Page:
Education is actually accessible

ANC rank and file member Omry Makgoale appeared on this page last Sunday (City Press, June 23 2019) peddling untruths and misleading readers in the process of analysing the performance of the education system since 1994.

The author, it appears, takes pride in the apartheid education system, which was exclusionary and racially categorised to serve and develop the race groups separately.

To say that the education system is garbage and that black communities are condemned to worse standards than they were even under apartheid is ignorant and unsubstantiated.

Prior to 1994, there were 19 separate education systems, differentiated on the basis of race and other such abhorrent criteria, and each had its own education administration. At the time, Model C schools were strictly reserved for whites and, by the 1980s, it is estimated that the government of the day would spend more than R1 200 per white pupil and less that R400 on a black child.

That education system deliberately excluded and kept the black population in the dark concerning global trends of the time. Technology, for instance, was advancing at a rapid pace with the introduction of computers, the internet and wireless phones, yet the only career options for which the state prepared the black child was nursing, gardening, teaching or domestic work. Very few privileged black pupils had the option of studying law or medicine.

Fast forward to this year and the education system is centralised, broad, future-focused and provides a variety of streams for pupils to choose from. We have specialised schools that provide focused training to meet the economic demands of the present and future.

The National Senior Certificate (NSC) results have shown consistent improvements in recent years, both in terms of pass rates and the number of pupils passing each year. One important reflection of quality in the system is the number of NSC candidates achieving a bachelor’s-level pass each year, as this is required for access to a degree programme at university. This number has roughly doubled since 2007. Encouragingly, increases in the number of black African bachelor’s passes almost entirely accounts for the overall improvement.

Pupils from public schools represent the country well in international competitions for robotics, maths, science, spelling and technology, often coming home with accolades and recognition for top performance. We do not often hear about these achievements because reporting about the sector is tilted towards the negative.

Education has also become accessible to pupils with special education needs. Under the apartheid system, families were forced to keep their children living with disabilities at home because they were not catered for.

I have seen a gradual increase in the number of pupils with special education needs sitting for NSC examinations. Last year, 3 856 pupils with special education needs wrote the NSC examinations (compared with 2 777 in 2017). This is an increase of 39.9% from 2017 and, of these pupils, 3 051 passed, compared with 2 125 in 2017, while 861 pupils (compared with 789 in 2017) achieved bachelor’s and diploma passes.

Last year, two new subjects were included as part of the NSC examination. SA Sign Language as a home language was written by 52 candidates, while civil technologies, mechanical technologies and electrical technologies – each with three subjects – as well as technical mathematics and technical science were written by 41 999 candidates.

Access to schooling has improved consistently since 1994 and this has also been the case for pupils with disabilities.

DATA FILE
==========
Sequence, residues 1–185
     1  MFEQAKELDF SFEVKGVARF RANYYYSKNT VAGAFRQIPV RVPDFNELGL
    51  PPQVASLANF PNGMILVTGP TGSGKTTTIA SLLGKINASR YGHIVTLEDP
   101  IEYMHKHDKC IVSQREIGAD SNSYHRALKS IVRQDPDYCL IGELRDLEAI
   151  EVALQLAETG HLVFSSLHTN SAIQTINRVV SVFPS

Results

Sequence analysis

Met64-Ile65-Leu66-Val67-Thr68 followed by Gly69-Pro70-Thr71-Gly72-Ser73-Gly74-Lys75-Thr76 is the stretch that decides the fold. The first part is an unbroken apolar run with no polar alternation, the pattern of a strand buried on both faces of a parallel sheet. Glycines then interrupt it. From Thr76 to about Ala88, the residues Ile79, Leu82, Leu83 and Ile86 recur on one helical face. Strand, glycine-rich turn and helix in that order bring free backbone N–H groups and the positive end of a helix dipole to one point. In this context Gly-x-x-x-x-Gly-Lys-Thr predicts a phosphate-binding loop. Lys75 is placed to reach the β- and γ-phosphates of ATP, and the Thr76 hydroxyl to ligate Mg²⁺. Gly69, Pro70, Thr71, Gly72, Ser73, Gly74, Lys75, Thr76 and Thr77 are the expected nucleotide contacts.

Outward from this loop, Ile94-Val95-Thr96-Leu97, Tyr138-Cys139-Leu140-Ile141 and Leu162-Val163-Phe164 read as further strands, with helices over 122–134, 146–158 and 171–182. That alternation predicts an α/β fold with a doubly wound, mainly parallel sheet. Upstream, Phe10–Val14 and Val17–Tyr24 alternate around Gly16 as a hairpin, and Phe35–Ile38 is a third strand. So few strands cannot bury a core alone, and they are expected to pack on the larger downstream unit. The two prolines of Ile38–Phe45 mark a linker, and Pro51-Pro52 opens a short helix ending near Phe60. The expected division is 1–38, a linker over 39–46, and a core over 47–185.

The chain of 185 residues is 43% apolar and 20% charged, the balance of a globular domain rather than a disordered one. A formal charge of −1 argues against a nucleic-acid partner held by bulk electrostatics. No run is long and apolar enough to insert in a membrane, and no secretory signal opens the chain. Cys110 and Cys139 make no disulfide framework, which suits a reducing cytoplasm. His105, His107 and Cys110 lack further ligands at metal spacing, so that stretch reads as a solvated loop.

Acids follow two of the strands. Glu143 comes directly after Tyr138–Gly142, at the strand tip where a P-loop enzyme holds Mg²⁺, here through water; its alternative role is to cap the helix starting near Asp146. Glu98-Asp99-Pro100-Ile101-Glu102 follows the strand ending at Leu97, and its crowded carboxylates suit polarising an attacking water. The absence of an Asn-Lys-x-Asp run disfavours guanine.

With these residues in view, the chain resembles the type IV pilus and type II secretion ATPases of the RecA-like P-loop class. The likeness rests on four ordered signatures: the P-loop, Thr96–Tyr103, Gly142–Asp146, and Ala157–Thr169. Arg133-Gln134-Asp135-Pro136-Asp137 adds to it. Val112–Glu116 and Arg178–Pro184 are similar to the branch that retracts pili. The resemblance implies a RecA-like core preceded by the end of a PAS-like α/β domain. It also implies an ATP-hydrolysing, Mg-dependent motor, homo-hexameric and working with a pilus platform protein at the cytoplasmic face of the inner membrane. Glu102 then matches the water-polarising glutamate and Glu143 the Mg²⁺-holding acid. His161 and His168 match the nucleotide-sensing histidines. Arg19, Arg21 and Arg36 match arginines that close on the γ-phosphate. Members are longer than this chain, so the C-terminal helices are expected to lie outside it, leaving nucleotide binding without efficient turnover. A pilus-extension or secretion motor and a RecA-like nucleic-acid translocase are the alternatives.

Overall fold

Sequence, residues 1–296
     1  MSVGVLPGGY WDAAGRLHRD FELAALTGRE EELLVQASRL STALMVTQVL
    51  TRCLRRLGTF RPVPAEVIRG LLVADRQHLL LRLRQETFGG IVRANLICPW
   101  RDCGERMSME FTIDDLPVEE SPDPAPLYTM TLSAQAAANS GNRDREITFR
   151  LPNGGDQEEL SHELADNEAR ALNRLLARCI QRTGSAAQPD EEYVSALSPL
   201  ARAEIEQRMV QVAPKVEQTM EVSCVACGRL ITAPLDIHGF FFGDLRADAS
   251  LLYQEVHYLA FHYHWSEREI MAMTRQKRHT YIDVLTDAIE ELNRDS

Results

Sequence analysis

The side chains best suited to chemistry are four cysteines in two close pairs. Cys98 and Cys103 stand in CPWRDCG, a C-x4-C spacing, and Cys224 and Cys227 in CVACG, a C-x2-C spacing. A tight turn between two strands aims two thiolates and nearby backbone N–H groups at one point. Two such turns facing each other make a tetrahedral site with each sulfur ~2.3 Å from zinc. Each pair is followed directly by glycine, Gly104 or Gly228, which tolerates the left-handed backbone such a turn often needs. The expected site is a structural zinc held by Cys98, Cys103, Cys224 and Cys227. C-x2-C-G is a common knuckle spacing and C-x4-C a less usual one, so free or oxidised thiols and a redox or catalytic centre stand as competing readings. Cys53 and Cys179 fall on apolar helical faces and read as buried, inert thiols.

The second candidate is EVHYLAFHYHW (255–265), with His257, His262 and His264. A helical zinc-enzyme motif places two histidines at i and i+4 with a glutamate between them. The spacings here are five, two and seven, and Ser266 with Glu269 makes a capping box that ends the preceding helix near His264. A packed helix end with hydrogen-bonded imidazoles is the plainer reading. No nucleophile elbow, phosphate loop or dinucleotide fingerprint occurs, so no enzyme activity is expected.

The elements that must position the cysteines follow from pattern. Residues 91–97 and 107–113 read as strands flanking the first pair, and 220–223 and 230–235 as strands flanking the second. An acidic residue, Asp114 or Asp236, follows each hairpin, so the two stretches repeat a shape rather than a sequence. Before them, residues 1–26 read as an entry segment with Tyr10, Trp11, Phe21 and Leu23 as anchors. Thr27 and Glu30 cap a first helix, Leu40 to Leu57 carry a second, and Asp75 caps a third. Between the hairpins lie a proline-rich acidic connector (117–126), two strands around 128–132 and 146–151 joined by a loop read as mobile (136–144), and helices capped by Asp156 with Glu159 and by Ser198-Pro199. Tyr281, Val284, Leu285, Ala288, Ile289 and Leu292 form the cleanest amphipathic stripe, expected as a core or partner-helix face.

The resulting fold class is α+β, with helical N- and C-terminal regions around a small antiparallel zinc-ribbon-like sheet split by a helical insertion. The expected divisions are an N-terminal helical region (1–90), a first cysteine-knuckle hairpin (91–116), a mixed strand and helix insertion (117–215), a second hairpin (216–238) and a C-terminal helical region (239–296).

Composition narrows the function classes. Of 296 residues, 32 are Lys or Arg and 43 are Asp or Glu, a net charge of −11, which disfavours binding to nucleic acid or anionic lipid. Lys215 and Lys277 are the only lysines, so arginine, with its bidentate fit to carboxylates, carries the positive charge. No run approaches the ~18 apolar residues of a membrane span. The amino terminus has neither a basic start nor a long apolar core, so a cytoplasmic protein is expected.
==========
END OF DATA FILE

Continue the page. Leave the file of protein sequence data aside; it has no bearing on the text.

Teachers are the cornerstone of our education system. The successful functioning of schools therefore depends on the consistent and effective training, development recruitment and placement of teachers in schools. The quality of teacher development and effective teacher recruitment and management strategies are government policy priorities – as demonstrated in the National Development Plan, the medium-term strategic framework and the department of basic education’s Action Plan to this year.

It is recognised that teacher salaries comprise approximately 80% of the education budget and that teachers are the custodians of classroom practice. Teacher development, supply and the effective utilisation of teachers are therefore integral to improving teaching and learning outcomes in South Africa.

A major focus of education policy and planning since 1994 has been the introduction and provision of pro-poor programmes. This includes the introduction of no-fee schools since 2007, which has led to two-thirds of children from impoverished communities not paying school fees, and the provision of daily meals to more than 9.2 million children through the national school nutrition programme.

Through the pupil transport programme, children in remote areas arrive at school safely, on time and ready to learn. There are also a number of initiatives to provide suitable learning opportunities for children with special needs. None of these initiatives was available to this large extent under the apartheid government for which the author so desperately laments.

While there have clearly been improvements in the equity of educational outcomes since 1994, despite the progressive interventions bearing fruit, the department is the first to admit that we still have a lot of work to do to bridge the inequality gap in the system. When one considers the racial gaps, socioeconomic gaps and children with special needs, the magnitude of the remaining inequality means that the challenge of creating a more equitable schooling system will be with us for many years to come.

Makgoale should have done some research before misleading the readers of his article.

Mhlanga is head of communications at the department of basic education

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